Hundreds of NYC fast food workers walked out of jobs at McDonald's, KFC, and Burger King today in what organizers say is the largest-ever strike against the basically union-free industry. The Fast Food Forward campaign is calling for an industry wage of $15 an hour in the city — that's double what most employees make — and the unionization of fast food restaurants.
The average fast food worker is 28 years old. Two thirds of the industry's workforce is comprised of women; their average age is 32, and they are mostly women of color. The majority are supporting children and families on $7.50 minimum wage, no benefits, and few hours. (Few work full-time because the industry cuts work hours at 32 hours so they don't have to give benefits. Fun stuff.)
Last November, when the Fast Food Forward campaign went public with its first strike, Sarah Jaffe interviewed one such woman for The Atlantic:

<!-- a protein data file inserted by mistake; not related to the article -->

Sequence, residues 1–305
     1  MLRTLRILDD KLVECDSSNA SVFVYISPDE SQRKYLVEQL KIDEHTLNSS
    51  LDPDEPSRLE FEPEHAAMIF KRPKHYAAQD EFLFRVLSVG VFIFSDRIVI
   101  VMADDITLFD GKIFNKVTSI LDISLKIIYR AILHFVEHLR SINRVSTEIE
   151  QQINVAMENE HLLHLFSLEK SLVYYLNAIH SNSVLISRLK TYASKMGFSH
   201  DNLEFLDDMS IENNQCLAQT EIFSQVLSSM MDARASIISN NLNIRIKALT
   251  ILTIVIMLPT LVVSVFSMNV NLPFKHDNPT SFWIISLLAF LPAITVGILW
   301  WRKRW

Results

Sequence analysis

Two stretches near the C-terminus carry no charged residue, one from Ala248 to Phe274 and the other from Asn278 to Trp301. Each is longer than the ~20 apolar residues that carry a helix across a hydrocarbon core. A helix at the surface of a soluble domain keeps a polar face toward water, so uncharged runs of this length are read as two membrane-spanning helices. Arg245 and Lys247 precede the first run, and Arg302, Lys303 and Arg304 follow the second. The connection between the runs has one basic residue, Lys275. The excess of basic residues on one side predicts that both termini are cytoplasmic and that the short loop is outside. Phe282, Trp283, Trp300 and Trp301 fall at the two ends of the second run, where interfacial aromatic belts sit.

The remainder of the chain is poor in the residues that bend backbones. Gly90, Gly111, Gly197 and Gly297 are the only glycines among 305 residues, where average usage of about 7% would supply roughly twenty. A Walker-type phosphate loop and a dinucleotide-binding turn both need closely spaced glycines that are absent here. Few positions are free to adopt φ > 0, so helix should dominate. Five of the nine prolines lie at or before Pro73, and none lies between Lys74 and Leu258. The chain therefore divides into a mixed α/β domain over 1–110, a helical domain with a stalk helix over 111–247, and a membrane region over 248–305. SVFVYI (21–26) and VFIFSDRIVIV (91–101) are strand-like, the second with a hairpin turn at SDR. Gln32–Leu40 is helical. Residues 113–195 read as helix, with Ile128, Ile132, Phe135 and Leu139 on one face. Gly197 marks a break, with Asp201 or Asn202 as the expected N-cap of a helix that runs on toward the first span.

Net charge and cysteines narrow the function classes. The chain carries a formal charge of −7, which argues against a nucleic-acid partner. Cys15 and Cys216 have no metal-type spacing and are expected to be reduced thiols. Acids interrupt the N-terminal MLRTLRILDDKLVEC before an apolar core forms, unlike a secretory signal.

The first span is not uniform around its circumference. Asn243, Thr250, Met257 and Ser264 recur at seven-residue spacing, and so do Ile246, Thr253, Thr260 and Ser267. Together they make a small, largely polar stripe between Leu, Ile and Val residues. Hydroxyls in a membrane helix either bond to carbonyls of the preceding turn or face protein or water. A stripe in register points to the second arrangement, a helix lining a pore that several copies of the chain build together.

Saavedra Jantuah, who works at a Burger King on 34th St. in Manhattan, explained that the $7.30 she makes per hour after two years on the job doesn't pay her enough to support her son. "I'm doing it for him, I'm going on strike so I can bring my family together underneath one household," she said. "A union can help us get to where we can make it in New York."
A McDonald's spokesperson emailed Salon a predictable statement saying, "We value and respect all the employees who work at McDonald's restaurants" and that the majority of its stores are franchisee-run restaurants "where employees are paid competitive wages, and have access to flexible schedules and quality, affordable benefits."
Not such an inspiring response. But Jonathan Westin, organizing director at New York Communities for Change, told The Huffington Post that the workers were encouraged by the actions of their colleagues last year and inspired by Black Friday Walmart strikers. Fast Food Forward has supported recent proposals to raise the federal minimum wage and the state minimum wage in New York to $9 and helped one million NYC workers finally get paid sick leave, so we're sure this isn't the last we'll hear from women like Jantuah.
(image via Facebook)